At the time of the Silver Pavilion’s completion, however, Yoshimasa’s treasury had become so depleted that it was impossible to complete the building’s full architectural program. Therefore, the Silver Pavilion was left to stand, as it does today, an unadorned structure of wood and paper, its two-story frame blackened by the passing of the centuries. It was there, at the foot of the Eastern Hills in the city of Kyōto’s Muromachi district, that Yoshimasa spent the last sixteen years of his life after abdicating from the shogunate in 1473. Relieved of the tedium of administrative life and the constant political oppressions of the unruly daimyo—who largely ignored the ineffectual, and sometimes contradictory, proclamations issued from his court at Kyōto—Yoshimasa devoted himself completely to the solitary consolations of the artistic connoisseur. He especially prized his collection of Chinese Song Dynasty painting and pottery, while, outside the gates of his personal sanctuary, a civil war raged.

Perhaps the most far-reaching aspect of Yoshimasa’s reign, at least in the political sphere, was the dispute over who was to become his successor. This dispute ignited the disastrousŌnin War (1467-1477) Ōnin War (1467-1477)[Onin War (1467-1477)] . Yoshimasa had married Tomiko, of the Hino clan, in 1455, but their union did not provide Yoshimasa with a male successor. As was customary in such circumstances, Yoshimasa summoned his younger brother Yoshimi, now a monk, to forsake the monastic life and return to Kyōto to serve as the shogun’s successor. Hardly a year had passed since Yoshimi’s return, however, when Tomiko gave birth to a boy who would be called Yoshihisa (1465-1489). Tomiko desired that her son Yoshihisa assume the role of shogun instead of Yoshimasa’s brother and pressed her cause, supported by the military assistance of Yamana Mochitoyo (1404-1473), an old rival of one of Yoshimasa’s former advisers.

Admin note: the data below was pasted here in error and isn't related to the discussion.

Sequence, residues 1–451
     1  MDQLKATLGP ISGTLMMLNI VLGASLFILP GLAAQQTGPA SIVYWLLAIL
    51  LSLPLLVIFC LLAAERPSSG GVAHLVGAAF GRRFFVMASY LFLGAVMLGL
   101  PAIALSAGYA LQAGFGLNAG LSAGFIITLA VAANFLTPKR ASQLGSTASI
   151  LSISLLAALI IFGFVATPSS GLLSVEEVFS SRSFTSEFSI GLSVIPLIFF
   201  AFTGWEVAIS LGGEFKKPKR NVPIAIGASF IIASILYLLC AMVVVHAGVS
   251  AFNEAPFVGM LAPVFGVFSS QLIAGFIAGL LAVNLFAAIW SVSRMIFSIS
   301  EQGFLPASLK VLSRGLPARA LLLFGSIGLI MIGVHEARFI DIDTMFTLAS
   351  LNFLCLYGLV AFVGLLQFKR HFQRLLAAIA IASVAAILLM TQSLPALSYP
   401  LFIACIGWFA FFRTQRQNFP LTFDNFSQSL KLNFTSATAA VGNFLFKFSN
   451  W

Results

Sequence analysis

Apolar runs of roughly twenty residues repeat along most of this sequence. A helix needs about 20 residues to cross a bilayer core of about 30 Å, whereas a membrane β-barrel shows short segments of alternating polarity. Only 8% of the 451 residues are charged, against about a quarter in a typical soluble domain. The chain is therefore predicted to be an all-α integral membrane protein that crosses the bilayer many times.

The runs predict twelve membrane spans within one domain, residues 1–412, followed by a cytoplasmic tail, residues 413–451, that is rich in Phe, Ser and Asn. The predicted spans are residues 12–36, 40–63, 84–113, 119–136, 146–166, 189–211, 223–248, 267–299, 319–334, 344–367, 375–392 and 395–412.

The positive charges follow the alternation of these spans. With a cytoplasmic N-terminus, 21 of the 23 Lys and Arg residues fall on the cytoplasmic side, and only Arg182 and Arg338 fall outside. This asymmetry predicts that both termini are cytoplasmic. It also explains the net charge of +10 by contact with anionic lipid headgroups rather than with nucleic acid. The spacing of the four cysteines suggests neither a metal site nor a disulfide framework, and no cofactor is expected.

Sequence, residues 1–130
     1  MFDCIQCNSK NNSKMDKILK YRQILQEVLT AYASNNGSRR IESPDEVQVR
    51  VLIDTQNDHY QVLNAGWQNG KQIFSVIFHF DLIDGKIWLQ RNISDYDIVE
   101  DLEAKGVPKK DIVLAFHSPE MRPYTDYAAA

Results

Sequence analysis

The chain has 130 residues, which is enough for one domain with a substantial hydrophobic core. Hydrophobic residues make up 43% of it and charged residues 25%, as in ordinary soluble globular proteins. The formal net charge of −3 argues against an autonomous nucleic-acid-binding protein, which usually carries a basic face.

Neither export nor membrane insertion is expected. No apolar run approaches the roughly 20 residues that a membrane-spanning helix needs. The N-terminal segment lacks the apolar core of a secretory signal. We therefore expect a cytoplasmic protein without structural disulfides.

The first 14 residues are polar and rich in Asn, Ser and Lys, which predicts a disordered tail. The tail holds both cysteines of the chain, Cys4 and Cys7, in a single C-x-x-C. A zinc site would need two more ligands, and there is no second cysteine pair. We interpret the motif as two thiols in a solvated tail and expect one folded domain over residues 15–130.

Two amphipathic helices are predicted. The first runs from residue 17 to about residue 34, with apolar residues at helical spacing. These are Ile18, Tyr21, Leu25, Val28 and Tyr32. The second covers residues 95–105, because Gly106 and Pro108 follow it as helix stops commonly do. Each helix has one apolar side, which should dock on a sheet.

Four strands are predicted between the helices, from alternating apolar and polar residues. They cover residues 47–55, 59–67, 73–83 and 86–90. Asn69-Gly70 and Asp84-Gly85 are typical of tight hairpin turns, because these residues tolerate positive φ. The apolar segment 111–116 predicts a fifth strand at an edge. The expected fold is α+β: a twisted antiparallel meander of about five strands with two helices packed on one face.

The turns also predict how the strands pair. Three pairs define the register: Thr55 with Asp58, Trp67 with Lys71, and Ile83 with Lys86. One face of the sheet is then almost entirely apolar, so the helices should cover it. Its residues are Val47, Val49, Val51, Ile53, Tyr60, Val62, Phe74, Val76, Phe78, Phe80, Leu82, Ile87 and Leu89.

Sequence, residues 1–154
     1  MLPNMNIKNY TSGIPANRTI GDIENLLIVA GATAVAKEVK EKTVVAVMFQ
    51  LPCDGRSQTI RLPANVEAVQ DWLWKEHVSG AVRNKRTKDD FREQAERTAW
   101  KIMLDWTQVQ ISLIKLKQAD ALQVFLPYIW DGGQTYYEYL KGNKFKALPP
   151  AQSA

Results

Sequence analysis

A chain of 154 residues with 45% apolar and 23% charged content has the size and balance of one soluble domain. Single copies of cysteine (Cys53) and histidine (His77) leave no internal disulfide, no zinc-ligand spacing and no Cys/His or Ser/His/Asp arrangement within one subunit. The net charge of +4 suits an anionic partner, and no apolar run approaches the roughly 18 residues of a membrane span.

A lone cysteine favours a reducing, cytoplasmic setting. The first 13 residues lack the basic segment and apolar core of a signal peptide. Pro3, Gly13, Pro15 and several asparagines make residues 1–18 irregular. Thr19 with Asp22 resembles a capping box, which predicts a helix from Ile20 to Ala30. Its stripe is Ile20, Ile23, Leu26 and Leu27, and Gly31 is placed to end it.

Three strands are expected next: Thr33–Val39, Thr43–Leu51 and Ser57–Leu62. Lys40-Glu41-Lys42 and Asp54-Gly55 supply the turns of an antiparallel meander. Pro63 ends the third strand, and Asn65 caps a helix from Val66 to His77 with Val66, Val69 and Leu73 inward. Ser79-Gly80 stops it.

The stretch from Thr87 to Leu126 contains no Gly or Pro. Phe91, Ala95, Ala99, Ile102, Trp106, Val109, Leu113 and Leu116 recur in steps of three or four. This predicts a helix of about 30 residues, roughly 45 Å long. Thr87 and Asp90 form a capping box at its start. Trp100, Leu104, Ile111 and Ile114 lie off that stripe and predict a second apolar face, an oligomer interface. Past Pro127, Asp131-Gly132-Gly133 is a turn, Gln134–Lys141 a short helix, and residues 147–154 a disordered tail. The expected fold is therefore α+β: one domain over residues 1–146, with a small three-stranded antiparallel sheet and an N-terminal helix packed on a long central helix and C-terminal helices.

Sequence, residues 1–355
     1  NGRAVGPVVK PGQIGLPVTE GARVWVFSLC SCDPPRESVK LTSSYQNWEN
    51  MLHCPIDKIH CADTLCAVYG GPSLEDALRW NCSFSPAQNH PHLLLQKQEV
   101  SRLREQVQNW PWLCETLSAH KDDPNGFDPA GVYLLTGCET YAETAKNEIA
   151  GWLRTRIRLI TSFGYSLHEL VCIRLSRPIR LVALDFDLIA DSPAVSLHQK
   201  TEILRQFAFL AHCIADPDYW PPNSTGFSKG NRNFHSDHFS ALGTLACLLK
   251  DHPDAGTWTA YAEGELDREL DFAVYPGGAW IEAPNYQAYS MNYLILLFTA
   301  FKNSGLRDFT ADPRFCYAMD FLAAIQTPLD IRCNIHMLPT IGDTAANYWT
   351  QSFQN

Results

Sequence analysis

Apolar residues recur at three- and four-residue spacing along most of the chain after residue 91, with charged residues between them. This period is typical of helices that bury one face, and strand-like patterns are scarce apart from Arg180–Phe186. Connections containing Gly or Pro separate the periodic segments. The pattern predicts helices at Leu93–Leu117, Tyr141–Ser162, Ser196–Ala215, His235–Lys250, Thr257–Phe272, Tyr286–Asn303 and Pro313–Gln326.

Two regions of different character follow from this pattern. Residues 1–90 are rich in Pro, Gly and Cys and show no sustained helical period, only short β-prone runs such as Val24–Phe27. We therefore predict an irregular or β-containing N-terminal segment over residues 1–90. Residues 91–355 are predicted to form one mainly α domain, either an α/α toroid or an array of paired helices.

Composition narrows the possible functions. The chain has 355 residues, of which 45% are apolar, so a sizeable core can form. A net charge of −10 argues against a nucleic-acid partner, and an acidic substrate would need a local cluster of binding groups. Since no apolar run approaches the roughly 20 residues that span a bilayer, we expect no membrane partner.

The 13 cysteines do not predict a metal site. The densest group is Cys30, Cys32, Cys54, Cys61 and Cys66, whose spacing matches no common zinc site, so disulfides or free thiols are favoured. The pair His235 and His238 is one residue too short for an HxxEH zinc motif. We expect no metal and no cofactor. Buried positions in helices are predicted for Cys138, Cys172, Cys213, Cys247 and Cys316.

In the end Tomiko prevailed. Upon his father’s abdication, Yoshihisa became the ninth Ashikaga shogun (r. 1474-1489)—but the matter did not end there. Yoshimasa’s brother Yoshimi, the former monk, disputed the succession. Military conflicts erupted, precipitating the bloody and inconclusive conflict of ten years’ duration now known as theŌnin War. This conflict all but decimated the city of Kyōto. After Yoshimasa, the remaining Ashikaga shoguns functioned as little more than royal facades until their shogunate was finally unseated by Oda Nobunaga in the 1570’.


Commentators have compared Ashikaga Yoshimasa and his predecessors to the great patrons of Italian Renaissance art Cosimo and Lorenzo de’ Medici. Unlike the Medicis, however, Yoshimasa ended his reign in a disastrous civil conflagration, fostered to no small degree by his own indifference and inability. Still, to characterize him merely as an ineffectual ruler would unfairly denigrate the cultural legacy of the Muromachi era in Japanese art and life, to which Yoshimasa contributed significantly. His taste for the austere simplicity of Chinese Song brush-and-ink painting, for example—with its restrained symbolism, extreme economy, and sublime understatement of aesthetic principles—became a template for much of what is valued in later Japanese art and culture.

Further Reading

  • Dolan, Ronald E., and Robert L. Worden, eds. Japan: A Country Study. Washington, D.C.: Federal Research Division, Library of Congress, 1992. Especially useful for its concise historical survey, presented in chapter 1, and for additional valuable material in subsequent chapters pertaining to topography, climate, social and cultural trends, and other general information about Japan. Includes regional maps.
  • Henshall, Kenneth G. A History of Japan: From Stone Age to Superpower. New York: St. Martin’s Press, 1999. A remarkably readable history of Japan that emphasizes the human dimensions of conflict and historical change. Includes chapter summaries in concise table format for each era’s key developments, values, and practices.
  • Maraini, Fosco. Meeting with Japan. New York: Viking Press, 1960. A poignant memoir of the author’s visit (as a former prisoner of war) to Japan in the years immediately following World War II. Mingles historical background information with the author’s own sympathetic observations on Japanese life and culture.
  • Turnbull, Stephen. The Samurai Sourcebook. London: Cassell, 2000. Treats fully all particulars of the subject through capsulized biographies of the principal samurai and daimyo, detailed data on weaponry, heraldry, strategy and tactics, significant battles, and so on. Well illustrated.

1457-1480’s: Spread of Jōdo Shinshū Buddhism

1467-1477: Ōnin War

1477-1600: Japan’s “Age of the Country at War”

Mar. 5, 1488: Composition of the Renga Masterpiece Minase sangin hyakuin

Beginning 1513: Kanō School Flourishes

1532-1536: Temmon Hokke Rebellion

1550’s-1567: Japanese Pirates Pillage the Chinese Coast

1550-1593: Japanese Wars of Unification

June 12, 1560: Battle of Okehazama

1568: Oda Nobunaga Seizes Kyōto